5. Lessons from the global financial crisis and update
When complacency takes precedence over prudence, it becomes a recipe for ultimate financial breakdown. This was precisely the case behind the recent global financial markets meltdown. In hindsight, regulatory lapses, unrestrained balance sheet leverage, explosive growth of complex structured products and risk-taking incentives through fat compensation were the main drivers of the crisis. Even countries which had been tightly regulated and supervised, such as Saudi Arabia, were not immune from the contagion. When the big global banks reversed their funding policy towards developing markets in 2008 and very rapidly withdrew funds, the banking system was impacted despite the conservative posture of our banks with prudent loan/deposit ratios.
Saudi Arabia has always been cognizant of risks inherent in the leveraged and leniently regulated model. A sustainable model is one which supports resiliency of the financial system in a crisis. In particular, the crisis made clear that regulators need to have a macroprudential framework for the system as a whole, as well as focusing on the microprudential risk management of each individual bank.
6. Regulatory challenges
Recent efforts by the G20 and other global entities (Basel Committee, FSB, G20 & IMF) in addressing system pitfalls and weaknesses show the seriousness of the problem as well as the need for remedial action. It is well-known that crises are a recurring phenomenon, warranting appropriate countermeasures to contain systemic risks of the scale seen in 2007/2008. Some big challenges in reforming the world’s financial system still remain, however. Allow me to say a few words on this point.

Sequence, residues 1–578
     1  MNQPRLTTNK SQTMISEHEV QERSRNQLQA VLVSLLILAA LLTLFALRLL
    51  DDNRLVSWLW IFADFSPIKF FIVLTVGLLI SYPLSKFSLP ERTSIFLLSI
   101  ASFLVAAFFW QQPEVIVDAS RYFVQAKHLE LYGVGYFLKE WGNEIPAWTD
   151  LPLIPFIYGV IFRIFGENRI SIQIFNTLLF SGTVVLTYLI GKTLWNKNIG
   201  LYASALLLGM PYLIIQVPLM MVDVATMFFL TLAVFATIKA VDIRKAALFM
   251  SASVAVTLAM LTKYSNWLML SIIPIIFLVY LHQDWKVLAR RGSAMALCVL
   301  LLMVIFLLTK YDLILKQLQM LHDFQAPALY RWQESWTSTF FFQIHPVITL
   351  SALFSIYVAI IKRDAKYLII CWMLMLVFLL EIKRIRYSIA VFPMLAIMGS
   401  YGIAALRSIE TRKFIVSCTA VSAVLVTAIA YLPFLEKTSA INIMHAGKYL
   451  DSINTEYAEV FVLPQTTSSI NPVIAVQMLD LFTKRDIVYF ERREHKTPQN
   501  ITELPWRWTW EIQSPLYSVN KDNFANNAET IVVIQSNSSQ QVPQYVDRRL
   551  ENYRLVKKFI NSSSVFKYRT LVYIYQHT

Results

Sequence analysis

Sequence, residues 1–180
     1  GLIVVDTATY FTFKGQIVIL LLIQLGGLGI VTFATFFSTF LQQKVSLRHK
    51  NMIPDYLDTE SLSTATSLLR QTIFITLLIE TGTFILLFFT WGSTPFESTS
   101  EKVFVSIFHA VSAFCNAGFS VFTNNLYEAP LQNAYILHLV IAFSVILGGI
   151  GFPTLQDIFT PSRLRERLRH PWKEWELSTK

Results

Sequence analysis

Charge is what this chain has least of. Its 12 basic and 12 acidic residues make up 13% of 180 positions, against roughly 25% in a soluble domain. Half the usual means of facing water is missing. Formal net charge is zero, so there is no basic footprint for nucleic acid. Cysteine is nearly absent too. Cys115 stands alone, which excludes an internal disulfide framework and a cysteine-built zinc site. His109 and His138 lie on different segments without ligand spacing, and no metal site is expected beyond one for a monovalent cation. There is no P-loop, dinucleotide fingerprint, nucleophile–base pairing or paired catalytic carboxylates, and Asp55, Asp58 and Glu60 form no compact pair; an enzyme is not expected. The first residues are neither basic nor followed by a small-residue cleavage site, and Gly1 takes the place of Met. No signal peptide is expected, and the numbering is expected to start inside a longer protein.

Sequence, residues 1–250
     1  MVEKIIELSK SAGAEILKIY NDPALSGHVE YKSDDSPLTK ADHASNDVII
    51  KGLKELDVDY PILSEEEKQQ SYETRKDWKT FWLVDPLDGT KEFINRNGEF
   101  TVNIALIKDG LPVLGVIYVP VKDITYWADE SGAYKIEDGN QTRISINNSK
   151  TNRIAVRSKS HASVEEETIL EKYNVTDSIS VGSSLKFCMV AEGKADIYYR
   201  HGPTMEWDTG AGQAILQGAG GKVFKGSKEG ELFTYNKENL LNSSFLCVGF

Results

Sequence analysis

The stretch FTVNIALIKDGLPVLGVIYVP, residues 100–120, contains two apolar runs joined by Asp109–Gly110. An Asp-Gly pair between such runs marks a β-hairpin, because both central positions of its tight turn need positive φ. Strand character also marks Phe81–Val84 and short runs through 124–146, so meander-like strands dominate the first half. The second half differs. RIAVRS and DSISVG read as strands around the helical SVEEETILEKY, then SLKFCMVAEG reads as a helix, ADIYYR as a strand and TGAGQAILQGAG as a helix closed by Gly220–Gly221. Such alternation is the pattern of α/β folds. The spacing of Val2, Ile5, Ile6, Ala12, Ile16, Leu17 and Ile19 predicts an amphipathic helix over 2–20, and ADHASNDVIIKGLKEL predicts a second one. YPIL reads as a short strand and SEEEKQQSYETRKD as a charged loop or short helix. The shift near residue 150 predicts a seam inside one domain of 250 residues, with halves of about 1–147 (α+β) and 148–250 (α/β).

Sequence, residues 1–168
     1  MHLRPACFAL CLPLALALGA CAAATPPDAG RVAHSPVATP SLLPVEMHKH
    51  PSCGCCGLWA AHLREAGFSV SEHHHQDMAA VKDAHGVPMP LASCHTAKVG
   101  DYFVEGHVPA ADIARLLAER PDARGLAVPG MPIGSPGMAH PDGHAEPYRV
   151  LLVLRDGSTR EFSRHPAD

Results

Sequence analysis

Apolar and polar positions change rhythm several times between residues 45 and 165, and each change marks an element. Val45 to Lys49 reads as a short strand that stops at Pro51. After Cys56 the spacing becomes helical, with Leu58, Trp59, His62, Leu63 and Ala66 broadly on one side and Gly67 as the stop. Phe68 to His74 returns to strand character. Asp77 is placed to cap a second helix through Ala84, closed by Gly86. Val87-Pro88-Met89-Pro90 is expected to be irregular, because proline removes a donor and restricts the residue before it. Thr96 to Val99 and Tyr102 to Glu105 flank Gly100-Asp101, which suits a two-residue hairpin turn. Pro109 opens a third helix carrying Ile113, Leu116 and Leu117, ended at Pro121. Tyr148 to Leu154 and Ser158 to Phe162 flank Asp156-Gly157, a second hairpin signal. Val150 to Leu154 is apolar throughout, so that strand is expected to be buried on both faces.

In the past two years or so, the G20 has issued calls for coordinating financial regulations and their reforms across multiple issues, such as capital and liquidity requirements, derivative instruments, and orderly resolution of failing banks. However, the G20 process is facing increasing resistance within some member countries on these measures for reasons of domestic politics and practicality of the proposed reforms in some G20 economies. For example, it is agreed that a sound macroprudential framework needs to be in place. The regulators will be expected to decide when the pace of credit expansion is unhealthy. Similarly, SIFI’s definition has proven to be contentious.
On bank capital adequacy, some countries (such as the UK and Switzerland) have indicated that the standards they apply will be tighter than the minimum set out in Basel III. This represents a cross-border challenge to regulators because banks from relatively lightly-regulated countries will have a competitive advantage. It was this sort of problem that led to a ‘race to the bottom’ in regulatory standards in the pre-crisis years, and we must strive to avoid this happening again. Regulatory arbitrage is a serious threat.
For financial institutions, which are systemically important to the world economy (and that therefore are practically ‘too big to fail’), there needs to be additional rules. The FSB will report to the G20 Summit in November on which banks and insurance companies qualify, and what additional capital requirements they need to have. Some banks are resisting this strongly. They argue that tighter regulations will drive financial transactions into the world of ‘shadow banking’ where the activities will be regulated lightly. In my view, international banks need to accept tighter regulation, which will mean lower returns on capital in good years due to lower leverage. In return, this approach should help them avoid the frequent crises and losses of bank capital which have been seen in the last two decades or so. Hence, in the long-term, bank shareholders should be no worse off as a result.